Robert Lepage’s ‘Kanata’ finds a home in Paris

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MONTREAL — A previously cancelled play by a Quebec playwright about the relationship between whites and Aboriginal Peoples will finally be presented in Paris despite criticism from Indigenous communities that its content is culturally insensitive.

The Paris-based Theatre du Soleil nixed its production of Robert Lepage’s “Kanata” earlier this summer after the show’s North American co-producers backed out due to the controversy.

Theatre du Soleil reversed its decision, however, and announced Wednesday the show, called “Kanata – Episode 1 — The Controversy,” will go on this December on the previously scheduled dates.

“After taking the time to reflect, analyze, and wonder what course to follow, … Theatre du Soleil finally reached the conclusion ‘Kanata’ isn’t hateful, sexist, racist or anti-Semitic,” the theatre said in a statement.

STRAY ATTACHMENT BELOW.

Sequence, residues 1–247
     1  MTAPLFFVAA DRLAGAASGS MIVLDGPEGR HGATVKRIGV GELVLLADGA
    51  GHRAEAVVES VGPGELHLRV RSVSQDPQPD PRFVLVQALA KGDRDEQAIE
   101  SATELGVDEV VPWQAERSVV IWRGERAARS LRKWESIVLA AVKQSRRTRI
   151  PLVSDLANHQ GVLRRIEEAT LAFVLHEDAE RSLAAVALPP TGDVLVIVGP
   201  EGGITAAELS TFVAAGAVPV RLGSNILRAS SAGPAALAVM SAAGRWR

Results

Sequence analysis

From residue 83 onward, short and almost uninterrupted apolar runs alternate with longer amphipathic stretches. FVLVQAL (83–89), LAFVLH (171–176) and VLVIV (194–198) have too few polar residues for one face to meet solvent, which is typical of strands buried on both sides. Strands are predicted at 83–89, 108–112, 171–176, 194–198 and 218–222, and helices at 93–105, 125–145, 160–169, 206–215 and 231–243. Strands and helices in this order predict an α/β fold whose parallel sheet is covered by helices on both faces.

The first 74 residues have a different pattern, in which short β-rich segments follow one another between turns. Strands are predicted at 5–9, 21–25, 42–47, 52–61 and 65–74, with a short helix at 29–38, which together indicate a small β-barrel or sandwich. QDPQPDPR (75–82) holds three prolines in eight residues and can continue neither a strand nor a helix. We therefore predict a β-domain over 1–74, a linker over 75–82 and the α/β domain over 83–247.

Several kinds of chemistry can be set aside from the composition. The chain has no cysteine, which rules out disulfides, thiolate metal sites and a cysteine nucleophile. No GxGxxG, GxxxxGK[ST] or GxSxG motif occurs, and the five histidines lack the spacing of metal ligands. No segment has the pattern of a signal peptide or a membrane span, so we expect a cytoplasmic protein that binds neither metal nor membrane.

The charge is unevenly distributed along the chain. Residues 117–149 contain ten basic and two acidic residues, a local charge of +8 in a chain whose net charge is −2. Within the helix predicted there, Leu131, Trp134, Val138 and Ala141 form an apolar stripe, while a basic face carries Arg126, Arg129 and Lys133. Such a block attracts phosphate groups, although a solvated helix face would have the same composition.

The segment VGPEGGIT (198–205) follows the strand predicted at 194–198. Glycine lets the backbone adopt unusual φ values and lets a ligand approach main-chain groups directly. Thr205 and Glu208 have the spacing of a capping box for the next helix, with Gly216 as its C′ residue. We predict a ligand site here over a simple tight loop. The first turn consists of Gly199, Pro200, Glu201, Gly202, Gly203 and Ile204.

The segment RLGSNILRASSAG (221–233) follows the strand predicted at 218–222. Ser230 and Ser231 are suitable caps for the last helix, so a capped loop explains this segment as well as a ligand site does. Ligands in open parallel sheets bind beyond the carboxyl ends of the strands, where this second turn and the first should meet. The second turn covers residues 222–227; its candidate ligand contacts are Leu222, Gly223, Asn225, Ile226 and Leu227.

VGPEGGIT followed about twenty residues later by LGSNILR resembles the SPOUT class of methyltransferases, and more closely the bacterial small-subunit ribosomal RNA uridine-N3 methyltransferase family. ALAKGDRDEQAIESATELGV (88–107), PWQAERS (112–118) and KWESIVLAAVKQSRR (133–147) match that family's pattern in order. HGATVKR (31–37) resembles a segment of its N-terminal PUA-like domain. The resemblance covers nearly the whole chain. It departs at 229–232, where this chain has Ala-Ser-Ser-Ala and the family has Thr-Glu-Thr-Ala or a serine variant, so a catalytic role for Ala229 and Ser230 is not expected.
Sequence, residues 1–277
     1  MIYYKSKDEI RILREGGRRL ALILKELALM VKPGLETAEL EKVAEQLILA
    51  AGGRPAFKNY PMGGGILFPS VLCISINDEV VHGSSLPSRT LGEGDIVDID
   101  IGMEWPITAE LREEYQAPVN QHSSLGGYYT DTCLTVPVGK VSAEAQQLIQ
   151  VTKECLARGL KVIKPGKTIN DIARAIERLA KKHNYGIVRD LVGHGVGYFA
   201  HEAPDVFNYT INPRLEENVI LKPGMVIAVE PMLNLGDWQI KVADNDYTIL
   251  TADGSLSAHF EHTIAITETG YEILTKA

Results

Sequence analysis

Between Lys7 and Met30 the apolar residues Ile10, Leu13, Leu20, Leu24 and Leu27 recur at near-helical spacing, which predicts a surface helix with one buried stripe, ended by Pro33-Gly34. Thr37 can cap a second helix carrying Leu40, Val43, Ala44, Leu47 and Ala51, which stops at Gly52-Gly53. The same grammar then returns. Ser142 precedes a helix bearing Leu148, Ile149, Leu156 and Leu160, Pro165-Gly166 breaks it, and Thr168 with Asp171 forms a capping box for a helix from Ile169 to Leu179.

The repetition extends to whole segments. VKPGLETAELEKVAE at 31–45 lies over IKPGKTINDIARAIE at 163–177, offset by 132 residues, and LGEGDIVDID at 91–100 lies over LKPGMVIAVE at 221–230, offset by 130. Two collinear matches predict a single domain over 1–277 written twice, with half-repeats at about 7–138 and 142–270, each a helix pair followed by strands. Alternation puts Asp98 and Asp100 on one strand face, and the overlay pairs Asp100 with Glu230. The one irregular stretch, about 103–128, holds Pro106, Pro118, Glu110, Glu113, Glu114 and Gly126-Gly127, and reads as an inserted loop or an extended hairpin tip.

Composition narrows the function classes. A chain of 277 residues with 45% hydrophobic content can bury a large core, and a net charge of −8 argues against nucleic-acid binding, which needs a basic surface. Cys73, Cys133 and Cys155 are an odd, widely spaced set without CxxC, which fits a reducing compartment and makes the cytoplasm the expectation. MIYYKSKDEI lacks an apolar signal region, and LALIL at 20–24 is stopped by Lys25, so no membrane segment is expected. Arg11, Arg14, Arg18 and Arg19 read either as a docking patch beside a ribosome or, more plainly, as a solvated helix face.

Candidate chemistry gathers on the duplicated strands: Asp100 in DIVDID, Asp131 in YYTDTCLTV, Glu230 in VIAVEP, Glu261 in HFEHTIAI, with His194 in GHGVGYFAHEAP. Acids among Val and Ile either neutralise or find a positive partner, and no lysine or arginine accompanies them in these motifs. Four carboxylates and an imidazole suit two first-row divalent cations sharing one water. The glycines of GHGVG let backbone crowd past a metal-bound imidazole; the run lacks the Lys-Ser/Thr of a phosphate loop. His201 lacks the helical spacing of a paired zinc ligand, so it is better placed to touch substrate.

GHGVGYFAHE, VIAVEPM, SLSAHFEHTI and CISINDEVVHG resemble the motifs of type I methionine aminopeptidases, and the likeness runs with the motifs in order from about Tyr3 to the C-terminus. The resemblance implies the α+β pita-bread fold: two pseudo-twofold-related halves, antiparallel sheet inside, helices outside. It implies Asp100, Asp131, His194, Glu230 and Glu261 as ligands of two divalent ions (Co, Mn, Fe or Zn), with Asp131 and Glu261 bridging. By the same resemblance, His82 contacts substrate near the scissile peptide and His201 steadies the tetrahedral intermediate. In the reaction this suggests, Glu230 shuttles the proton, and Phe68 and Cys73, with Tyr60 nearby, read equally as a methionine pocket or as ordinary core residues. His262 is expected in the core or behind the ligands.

Lepage held a meeting in July with about 30 members of Quebec’s Indigenous community who had signed an open letter denouncing the production for being an example of cultural appropriation.

Activists complained ‘Kanata’ didn’t include enough content from Indigenous Peoples.

One week after that meeting, the show was cancelled.

It was the second time over the summer a play by Lepage had been cancelled following criticism from cultural communities.

A theatre in Montreal ended the production of his play, SLAV, after black activists accused the production of profiting off the pain of slaves.

While it is still unclear whether the December production of ‘Kanata’ will include Indigenous artists, the theatre said it will be up to the audience to decide whether the production has merit.

“Once the show is visible and people can judge, it will be free to have its detractors criticize it and to penalize it with the ultimate sanction, which is to leave the room,” the theatre said.

Quebec’s three main political parties had denounced the decision to cancel the play.

Parti Quebecois Leader Jean-Francois Lisee was particularly vocal about what he called an attack on artistic freedom.

Lisee welcomed the news the show will in fact be performed in Paris.

“We will be able to see, judge, hate or love ‘Kanata,”‘ he said. “It’s a victory for artistic freedom.”

Lepage’s Ex Machina production company announced Wednesday the Parisian theatre will produce the show with its own financial means. The company’s statement added Lepage will direct the show for free.

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